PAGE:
Judgment, Forgiveness, Reconciliation, Trust

"Forgiveness is the scalpel that punctures the hate and hurt to release the infection of resentment and bitterness. Then healing can begin."

There are a myriad of ways to respond to a moral injustice.

But, for us to truly heal and be free, we must eventually forgive the offender.

Let’s begin with a common misconception of forgiveness, namely that it means I therefore must reconcile with the offender. This article's graphic depicts how that is not the case. Sometimes, the people who hurt us have not changed their disposition, which means it is not safe for me to seek emotional repair with them. In fact, it is wise to have some boundary for self-protection. For some, this insight is enough to help them move toward forgiveness. Others stay stuck in a state of unforgiveness.


It is okay and healthy to be angry about the offense and how it has affected you. However, it is harmful to carry the anger over time, letting it morph into judgments and bitterness that weigh down the heart. Unforgiveness is a major block to emotional healing.

Good vs. Sinful Judgment

It makes sense for me to judge others’ actions when I am wronged, and to judge them in a way that discerns what is helpful vs hurtful so that I can set up good boundaries with them. However, sinful judgment is when I condemn them (judge them as wholly bad and undeserving of grace or mercy). This judgment involves self-righteousness, where I view myself as morally superior, and that I would not have acted as they if I had been dealt the same life circumstances.

"Forgiveness requires a relational stance of accepting the inherent worth of another person even after judging the wrong action."

Why do I stay stuck in judgment?

Staying in a state of judgment and unforgiveness may be a response to the emotional wound and impact of the wrongdoing. Judging may help me feel:

  • more safe
  • less powerless
  • better than them
  • keep me from being like them
  • contribute to their punishment or justice
  • somehow get them to eventually change

and on and on. However, as McCullough, Sandage, and Worthington indicate:

"Hate and unforgiveness are like addiction. They make us feel better immediately, but in the long run they destroy."

If I give up judging the other, then I may have to find a different way of feeling safe, in control, etc - a way that makes me feel genuinely safe and in control over the long term.

I also have to let go of doing God’s job as Judge. This is not letting the wrongdoer off the hook, but giving over authority to Christ, the Just Judge. The following aphorism has been helpful to me and my clients:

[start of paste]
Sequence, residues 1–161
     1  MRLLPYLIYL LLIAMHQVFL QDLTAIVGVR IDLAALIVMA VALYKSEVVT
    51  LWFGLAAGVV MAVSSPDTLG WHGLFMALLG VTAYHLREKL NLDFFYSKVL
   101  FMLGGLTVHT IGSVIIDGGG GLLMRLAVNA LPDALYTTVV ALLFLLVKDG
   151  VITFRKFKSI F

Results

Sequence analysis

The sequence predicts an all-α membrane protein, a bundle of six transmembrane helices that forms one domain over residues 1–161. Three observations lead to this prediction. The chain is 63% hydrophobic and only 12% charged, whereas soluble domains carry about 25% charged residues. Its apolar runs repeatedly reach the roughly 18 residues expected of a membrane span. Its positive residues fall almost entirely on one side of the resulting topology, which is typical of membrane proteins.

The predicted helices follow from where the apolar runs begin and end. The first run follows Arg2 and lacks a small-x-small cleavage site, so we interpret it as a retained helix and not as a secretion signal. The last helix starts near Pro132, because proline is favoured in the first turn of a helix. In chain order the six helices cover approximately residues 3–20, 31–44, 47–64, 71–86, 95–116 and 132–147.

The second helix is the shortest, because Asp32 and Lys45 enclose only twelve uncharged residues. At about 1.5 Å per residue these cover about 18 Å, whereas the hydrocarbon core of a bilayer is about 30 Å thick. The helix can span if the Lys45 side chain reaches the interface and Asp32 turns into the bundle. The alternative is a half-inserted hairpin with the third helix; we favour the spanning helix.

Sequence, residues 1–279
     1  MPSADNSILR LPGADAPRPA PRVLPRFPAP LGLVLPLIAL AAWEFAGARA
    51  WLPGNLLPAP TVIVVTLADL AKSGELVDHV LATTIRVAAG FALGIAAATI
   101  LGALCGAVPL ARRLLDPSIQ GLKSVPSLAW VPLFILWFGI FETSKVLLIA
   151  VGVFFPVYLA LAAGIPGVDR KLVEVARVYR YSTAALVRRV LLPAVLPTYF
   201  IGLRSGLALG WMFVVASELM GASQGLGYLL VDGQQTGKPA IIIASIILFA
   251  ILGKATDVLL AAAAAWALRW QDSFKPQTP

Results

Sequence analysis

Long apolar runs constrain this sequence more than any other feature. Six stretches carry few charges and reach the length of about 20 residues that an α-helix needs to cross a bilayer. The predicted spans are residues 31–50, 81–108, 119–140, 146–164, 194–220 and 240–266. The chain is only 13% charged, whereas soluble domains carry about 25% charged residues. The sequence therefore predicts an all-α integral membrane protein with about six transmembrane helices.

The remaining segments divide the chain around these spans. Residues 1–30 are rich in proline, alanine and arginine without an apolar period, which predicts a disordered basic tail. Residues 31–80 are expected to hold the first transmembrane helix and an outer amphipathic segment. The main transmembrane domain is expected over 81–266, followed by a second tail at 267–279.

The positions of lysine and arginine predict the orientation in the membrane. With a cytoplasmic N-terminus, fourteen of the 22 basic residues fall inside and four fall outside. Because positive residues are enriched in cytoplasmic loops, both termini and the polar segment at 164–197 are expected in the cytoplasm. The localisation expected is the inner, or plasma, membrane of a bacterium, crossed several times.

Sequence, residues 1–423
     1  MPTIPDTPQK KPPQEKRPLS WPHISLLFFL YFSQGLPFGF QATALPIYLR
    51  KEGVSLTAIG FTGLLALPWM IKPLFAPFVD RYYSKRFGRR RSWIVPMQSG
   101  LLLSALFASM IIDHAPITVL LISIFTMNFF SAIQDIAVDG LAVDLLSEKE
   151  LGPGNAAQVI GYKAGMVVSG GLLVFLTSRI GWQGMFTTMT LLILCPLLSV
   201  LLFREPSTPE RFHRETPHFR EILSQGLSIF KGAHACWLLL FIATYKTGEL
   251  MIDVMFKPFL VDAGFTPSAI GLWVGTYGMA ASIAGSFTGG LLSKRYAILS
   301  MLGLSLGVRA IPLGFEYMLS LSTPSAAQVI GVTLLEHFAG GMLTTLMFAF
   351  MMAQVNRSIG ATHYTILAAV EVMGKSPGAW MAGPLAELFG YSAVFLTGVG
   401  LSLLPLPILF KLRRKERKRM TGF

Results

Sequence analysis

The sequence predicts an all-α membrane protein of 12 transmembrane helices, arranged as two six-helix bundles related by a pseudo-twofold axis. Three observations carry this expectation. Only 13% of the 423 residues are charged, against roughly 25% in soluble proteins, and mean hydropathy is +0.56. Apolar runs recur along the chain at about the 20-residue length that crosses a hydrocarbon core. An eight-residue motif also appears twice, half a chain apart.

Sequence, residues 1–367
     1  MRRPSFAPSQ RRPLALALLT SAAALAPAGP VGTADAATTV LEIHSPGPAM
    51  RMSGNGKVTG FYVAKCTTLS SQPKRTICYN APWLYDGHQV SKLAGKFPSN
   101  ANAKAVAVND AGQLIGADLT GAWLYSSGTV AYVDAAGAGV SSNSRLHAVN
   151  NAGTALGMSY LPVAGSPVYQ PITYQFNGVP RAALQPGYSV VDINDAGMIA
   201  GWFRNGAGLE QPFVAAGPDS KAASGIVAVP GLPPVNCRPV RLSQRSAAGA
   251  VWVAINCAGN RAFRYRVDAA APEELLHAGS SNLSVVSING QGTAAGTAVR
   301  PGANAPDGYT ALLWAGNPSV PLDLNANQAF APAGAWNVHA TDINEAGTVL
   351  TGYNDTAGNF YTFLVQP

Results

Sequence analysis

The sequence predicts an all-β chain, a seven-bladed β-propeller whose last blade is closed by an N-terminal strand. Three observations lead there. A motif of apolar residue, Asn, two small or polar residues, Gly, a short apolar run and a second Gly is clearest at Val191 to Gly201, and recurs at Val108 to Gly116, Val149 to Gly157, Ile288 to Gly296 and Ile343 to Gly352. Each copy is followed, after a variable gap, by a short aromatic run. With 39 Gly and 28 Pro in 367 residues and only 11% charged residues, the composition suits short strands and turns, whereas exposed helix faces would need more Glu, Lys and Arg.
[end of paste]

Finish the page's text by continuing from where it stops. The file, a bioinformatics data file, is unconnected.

“Lord, you are the Just Judge, you take care of it!”

Finally, if we are working toward forgiving parents, there are other processing blocks that have to do with letting go of them being the parent they should have been, or being hesitant to let go of the hurt/debt due to unmet needs that surface (Type A wounds) if I move to forgive.


Forgiveness is the better response to injustice. Forgiveness means releasing your right to claim a debt owed you because of the injustice. It is of course important to acknowledge the debt first, as opposed to “stuffing it” or too quickly “letting it go.” There is a whole process to forgiveness that involves facing the pain, working through the stuck defensive reactions, renouncing lies about self, renouncing judgments towards the other, and asking God to forgive and bless the person in the opposite way that they hurt you.

You can find a great protocol for working toward forgiveness here. Before working through any step by step approach, remember that forgiveness is a grace that is received. We cannot wish or will away an injustice on our own.


Reconciling with the offender involves a personal connection where the offender acknowledges their wrongdoing by name without excuse or defensiveness. The person wronged is able to express their hurt, how the wrongdoing impacted them, and what they need/request for restitution. The offender empathizes and expresses remorse, and asks what they can do to make up for the harm caused. They then express a firm commitment to avoid wrongdoing in the future. There is a giving and receiving of forgiveness. A conjoint session of therapy can help facilitate this process.

You can find a step-by-step protocol for working toward reconciliation here.

Restoration of Trust

After reconciliation, it is important that both parties are open to restoration of trust. This requires proof of changed behavior that lasts over an extended period of time. Individual therapy can help to resolve the underlying heart dynamics that led to the wrongdoing, so that genuine change can take place.

Here are some equations that my prove helpful, with the last two taken from the first resource listed below.

Judgment = Condemnation + Self-Righteousness
Forgiveness = Letting Go of Judgment/Bitterness/Debt
Reconciliation = Confession, Repentance, and Restitution + Forgiveness
Restoration of Trust = Reconciliation + Changed Behavior over time

Find more depth info about the process of inner healing prayer and judgments and bitterness as clutter for the heart here - an article by Dr. Karl Lehman.

Other quotes on forgiveness (including at the beginning of this article) taken from

Michael E. McCullough; Steven J. Sandage; Everett L. Worthington Jr.. To Forgive Is Human: How to Put Your Past in the Past. Kindle Edition.

Image link to bio for Marcel Lanahan, LMHC

Dr. Marcel Lanahan

Founder, Lead Clinician

Marcel is a Catholic therapist, husband, and father of five. He is dedicated to supporting fellow Catholics with guidance on their healing journeys.

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